14 Massimo Heitor August 29, 2017 at 6:35 pm

A search engine or social network can have their own house rules, but an ISP can’t? I fail to see the consistent logic there.


15 drive-by commenter August 28, 2017 at 1:17 am

is your (or Alex’s) discomfort with platform self-censorship not equivalent to arguing that the platform should be a regulated utility? i am amazed at how you both take such contortions to dance around this.


16 Saint-Frusquin August 28, 2017 at 1:18 am

Tyler, you prolly guessed it : the whole point of Net Neutrality for reasonable people is FUTURE services.

For example, here, in France, blablacar or leboncoin became something out of nowhere in mere monthes. Should their growth have been slower than thousands percent y2y, they would just not even exist now and would have been killed by regulation, taxation, or lobbying, like AirBnb, Deliveroo, and other markets are (being killed) at the moment.

The economy as a whole can accomode the current big players with Net Neutrality, BECAUSE startup growth can reach thousands% y2y and they can reach critical size before being killed by the current big players. This is really hot news in economics, isn’t it ? But it can easily be lost. With Net-wide regulation (including censorship, net neut., etc.)

However, this is not really important : when we tak about net-wide regulation, we’re still talking about local regulation. Innovation will still strive, exist and happen in mostly unregulated counties like Vietnam, etc… : so, the humanity will still get the services innovation and disruption has to offer ; it’ll just take a bit longer, and won’t happen in our countries : this makes me feel abit sad, but well, it’s not that important….


17 Ray Lopez August 28, 2017 at 7:23 am

I think you and some other posters here confuse ‘net neutrality’ with the social censorship TC is talking about; different subject matter.

Bonus trivia: both TC and AlexT have censored me on this blog, in the comments, imagine that! No big deal to me.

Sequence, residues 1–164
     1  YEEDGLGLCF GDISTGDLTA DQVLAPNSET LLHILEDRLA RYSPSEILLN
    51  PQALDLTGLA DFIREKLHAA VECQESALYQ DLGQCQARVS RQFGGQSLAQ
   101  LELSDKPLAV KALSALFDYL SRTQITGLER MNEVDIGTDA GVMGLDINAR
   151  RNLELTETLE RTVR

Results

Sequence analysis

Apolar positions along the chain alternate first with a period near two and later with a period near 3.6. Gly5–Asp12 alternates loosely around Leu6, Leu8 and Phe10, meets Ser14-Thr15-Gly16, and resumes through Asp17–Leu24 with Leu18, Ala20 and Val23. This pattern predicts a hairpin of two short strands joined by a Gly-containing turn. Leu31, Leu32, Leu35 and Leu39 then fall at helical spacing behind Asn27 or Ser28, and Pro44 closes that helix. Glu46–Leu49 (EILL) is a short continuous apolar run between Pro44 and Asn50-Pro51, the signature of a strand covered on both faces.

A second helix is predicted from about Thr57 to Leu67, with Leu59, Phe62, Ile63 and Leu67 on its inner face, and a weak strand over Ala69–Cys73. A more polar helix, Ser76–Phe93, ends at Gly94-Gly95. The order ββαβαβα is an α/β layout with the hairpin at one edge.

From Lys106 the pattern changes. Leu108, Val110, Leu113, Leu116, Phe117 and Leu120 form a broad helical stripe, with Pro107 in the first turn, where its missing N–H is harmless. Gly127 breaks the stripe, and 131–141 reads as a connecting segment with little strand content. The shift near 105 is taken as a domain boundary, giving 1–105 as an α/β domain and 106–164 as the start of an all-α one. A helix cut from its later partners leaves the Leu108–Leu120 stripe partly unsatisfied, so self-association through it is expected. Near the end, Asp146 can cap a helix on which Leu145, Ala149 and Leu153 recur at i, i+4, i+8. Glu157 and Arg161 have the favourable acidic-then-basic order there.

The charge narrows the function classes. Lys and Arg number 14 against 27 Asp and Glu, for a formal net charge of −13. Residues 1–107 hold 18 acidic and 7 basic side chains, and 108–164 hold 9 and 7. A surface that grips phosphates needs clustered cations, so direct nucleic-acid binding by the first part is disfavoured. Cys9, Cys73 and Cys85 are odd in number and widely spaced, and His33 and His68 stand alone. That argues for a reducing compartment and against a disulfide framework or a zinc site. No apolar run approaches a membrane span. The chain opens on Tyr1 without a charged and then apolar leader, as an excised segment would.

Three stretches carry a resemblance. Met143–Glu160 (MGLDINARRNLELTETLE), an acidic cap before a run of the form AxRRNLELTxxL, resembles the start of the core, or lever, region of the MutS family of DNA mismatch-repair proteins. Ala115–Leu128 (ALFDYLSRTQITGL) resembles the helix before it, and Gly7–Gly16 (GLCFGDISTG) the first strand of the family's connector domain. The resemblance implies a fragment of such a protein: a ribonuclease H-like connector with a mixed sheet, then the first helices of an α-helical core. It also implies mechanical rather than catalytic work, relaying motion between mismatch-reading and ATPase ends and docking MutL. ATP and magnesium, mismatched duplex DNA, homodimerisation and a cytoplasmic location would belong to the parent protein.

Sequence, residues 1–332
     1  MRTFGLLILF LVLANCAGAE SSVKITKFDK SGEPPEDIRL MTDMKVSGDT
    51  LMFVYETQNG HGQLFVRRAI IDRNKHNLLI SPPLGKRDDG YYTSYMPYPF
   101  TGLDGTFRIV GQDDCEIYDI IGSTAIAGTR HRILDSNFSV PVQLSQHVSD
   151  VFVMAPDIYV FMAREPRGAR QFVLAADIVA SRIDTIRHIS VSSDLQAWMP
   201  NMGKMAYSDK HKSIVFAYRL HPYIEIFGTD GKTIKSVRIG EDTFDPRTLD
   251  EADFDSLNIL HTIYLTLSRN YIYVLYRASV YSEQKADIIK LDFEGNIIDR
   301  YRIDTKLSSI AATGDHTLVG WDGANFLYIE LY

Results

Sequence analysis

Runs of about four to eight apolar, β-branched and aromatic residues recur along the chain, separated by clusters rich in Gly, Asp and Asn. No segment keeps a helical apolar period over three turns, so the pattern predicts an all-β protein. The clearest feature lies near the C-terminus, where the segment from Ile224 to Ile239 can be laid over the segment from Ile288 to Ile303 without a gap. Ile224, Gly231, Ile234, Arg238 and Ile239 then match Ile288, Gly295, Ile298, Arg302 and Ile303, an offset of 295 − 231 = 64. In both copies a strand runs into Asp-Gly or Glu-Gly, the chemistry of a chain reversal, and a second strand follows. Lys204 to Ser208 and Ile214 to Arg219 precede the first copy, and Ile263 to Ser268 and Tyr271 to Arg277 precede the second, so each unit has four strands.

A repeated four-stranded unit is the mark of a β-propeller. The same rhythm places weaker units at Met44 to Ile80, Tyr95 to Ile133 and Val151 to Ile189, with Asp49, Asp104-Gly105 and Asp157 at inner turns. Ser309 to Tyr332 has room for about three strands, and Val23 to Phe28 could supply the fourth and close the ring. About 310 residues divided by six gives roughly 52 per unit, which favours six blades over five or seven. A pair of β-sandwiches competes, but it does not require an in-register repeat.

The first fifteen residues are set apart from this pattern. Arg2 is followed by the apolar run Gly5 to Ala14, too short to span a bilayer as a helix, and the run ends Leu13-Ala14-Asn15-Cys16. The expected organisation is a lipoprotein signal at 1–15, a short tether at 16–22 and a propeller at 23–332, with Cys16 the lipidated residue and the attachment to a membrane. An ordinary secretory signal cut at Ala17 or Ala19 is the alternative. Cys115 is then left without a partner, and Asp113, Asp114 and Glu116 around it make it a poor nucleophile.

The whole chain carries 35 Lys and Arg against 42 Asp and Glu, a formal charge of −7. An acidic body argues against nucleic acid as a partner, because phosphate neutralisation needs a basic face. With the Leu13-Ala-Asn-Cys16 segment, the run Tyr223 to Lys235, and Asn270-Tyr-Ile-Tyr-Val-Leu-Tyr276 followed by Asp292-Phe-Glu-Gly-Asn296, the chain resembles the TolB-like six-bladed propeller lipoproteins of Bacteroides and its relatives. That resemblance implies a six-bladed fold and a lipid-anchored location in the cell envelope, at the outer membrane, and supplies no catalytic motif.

18 Massimo Heitor August 29, 2017 at 6:37 pm

Ray Lopez, how have you been censored. AFAIK, none of my comments have been censored here, while sister site Econlog quite aggressively censors even polite articulate comments


19 Anonymous August 28, 2017 at 1:20 am

Btw, the flip side of “censorship is bad/risky” is that weaponized bots and trolls are now a documented thing. In a net neutral world it may be a host and server’s choice whether to fight them, but imo we would all be better off if Twitter and Facebook had better tools to do so.



20 drive-by commenter August 28, 2017 at 1:22 am

also, are you really obtuse enough not to see the difference between net neutrality and voluntary platform censorship? one is about regulating monopoly rent extraction in a vertical market, and the other is a protest page straight out of Exit, Voice, and Loyalty. it’s consistent with the idea that consumer sovereignty should decide what’s on the internet. (ironically not all that “Left” an idea)


21 Joe Torben August 28, 2017 at 6:33 am

The problem is the monopoly to start with. In the rest of the (civilized) world, there are no monopolies in this area. I’m free to choose between about a dozen providers. In this scenario, heavy handed net “neutrality” regulation won’t help me as a consumer.

The problem is that in the US, the local monopolies have been taken for granted, for some strange reason. And then more regulation and more unintentional consequences will inevitably follow.


22 John Thacker August 28, 2017 at 10:52 am

This is mostly true, though in many places aren’t the lack of monopolies because of a separation of the ISP business from the business of maintaining the physical connections? (And this may be enforced by regulation, as it seems like there’s a natural case for vertical integration.) At least so long as we’re talking about wireline and not wireless, I have a difficult time imagining that the natural market size is much larger than a duopoly.


23 JWatts August 28, 2017 at 11:59 am

“The problem is that in the US, the local monopolies have been taken for granted, for some strange reason. ”

This is fundamentally incorrect. Most of the populace in the US has access to the internet through satellite, phone, cable and cell service. And generally there are multiple carriers for each of these categories.